=GPT(CONCATENATE($E$1, A3, B3, C3, D3))
Where $E$1 is the prompt
A3 is the URL
B3 is the Page title
C3 is the Heading
D3 is the body tet
You can use Xpath to pull in these features and or use a Screamingfrog crawl output.
You then provide a lot of real detail and context from the page itself.
A well-set-up prompt and GPT can be useful for assessing your content with Google’s helpful content guidelines  in mind.
Read more here from Matt Digity on how to Audit Your Content with Chat GPT According to Google’s Guidelines .
Creating title suggestions is a good use of the technology.
The use of titles generated by AI likely won’t be an issue in terms of SEO. You can even add a degree of specificity to get the format and length of titles you seek.
I like to use this for inspiration.
The title of this article could still be one of a few different variations from my original thought.
Presently my title is “The Good, the Bad, and the Ugly of Generative Text for SEO” I had a couple of other title ideas too, but for the sake of this article, I used Chat GPT  to give me some title suggestions. Sometimes they can inspire you.
In this example, it kind of missed the mark because it didn’t have enough context and didn’t convey what I was going for. However, if I refined my prompts and the responses and gave it additional feedback, or even just the whole text when finished it probably would do a much better job.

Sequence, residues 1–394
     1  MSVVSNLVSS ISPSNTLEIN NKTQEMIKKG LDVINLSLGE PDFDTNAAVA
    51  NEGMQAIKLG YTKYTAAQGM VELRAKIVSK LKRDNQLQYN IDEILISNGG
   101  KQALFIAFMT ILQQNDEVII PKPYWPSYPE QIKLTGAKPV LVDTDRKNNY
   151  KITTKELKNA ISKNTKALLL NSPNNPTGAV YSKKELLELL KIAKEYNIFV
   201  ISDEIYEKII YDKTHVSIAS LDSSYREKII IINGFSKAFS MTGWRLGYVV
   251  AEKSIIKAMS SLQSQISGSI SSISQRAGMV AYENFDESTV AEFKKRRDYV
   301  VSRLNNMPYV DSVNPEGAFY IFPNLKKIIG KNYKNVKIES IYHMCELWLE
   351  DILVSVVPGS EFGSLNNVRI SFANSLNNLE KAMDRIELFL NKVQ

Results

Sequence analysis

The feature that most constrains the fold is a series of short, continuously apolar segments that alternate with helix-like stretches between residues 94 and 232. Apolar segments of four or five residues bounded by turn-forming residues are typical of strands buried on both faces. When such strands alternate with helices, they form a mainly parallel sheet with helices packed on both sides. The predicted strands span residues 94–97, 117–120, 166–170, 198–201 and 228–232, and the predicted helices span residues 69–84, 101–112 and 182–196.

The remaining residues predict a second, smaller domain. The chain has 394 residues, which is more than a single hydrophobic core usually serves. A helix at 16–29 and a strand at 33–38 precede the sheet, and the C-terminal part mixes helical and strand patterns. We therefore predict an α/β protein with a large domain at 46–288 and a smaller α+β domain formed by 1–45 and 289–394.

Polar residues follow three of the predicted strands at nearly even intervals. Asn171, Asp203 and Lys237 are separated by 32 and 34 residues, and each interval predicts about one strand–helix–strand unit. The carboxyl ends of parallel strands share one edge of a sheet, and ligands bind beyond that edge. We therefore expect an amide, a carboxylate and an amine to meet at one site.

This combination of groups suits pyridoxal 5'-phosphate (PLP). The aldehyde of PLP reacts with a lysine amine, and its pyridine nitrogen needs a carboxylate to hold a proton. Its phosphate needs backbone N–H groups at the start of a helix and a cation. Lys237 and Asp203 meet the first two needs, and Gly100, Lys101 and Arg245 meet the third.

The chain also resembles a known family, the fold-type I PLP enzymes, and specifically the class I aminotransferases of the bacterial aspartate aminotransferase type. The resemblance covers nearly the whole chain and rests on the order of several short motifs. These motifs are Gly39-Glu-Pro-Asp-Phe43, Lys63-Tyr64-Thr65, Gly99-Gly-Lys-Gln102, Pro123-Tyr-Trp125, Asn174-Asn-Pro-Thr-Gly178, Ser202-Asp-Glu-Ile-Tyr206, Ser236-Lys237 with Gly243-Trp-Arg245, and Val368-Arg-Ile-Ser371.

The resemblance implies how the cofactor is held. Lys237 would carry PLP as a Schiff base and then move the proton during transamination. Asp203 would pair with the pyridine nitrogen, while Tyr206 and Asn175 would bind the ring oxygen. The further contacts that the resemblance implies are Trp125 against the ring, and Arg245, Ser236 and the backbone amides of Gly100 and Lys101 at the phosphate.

Or ….. I could just think of an appropriate title 🤔.
I have found document outlines and just outlines in general to be quite a good use case for the technology. They are broad enough to be useful for most generalized topics where there is a lot of already published content.
That may be a key point here though, you are likely to get the best results when there is already a plethora of information available on a topic, which ironically makes it less likely you will be able to provide something valuable.
Nonetheless, Chat GPT  for general outlines is fairly good and can be useful to get you started on something that gets refined later. I sometimes use it for that application on my stuff.
I asked Tom Winter what he thought the best use of the technology was. Here is what he said.
Generative AI is revolutionizing the way we create content.
When used effectively, it can produce outstanding outcomes. The most successful strategy I’ve found is the CyborgMethod™, which combines human insight with the speed and efficiency of AI, allowing for the production of content on a grand scale without compromising quality.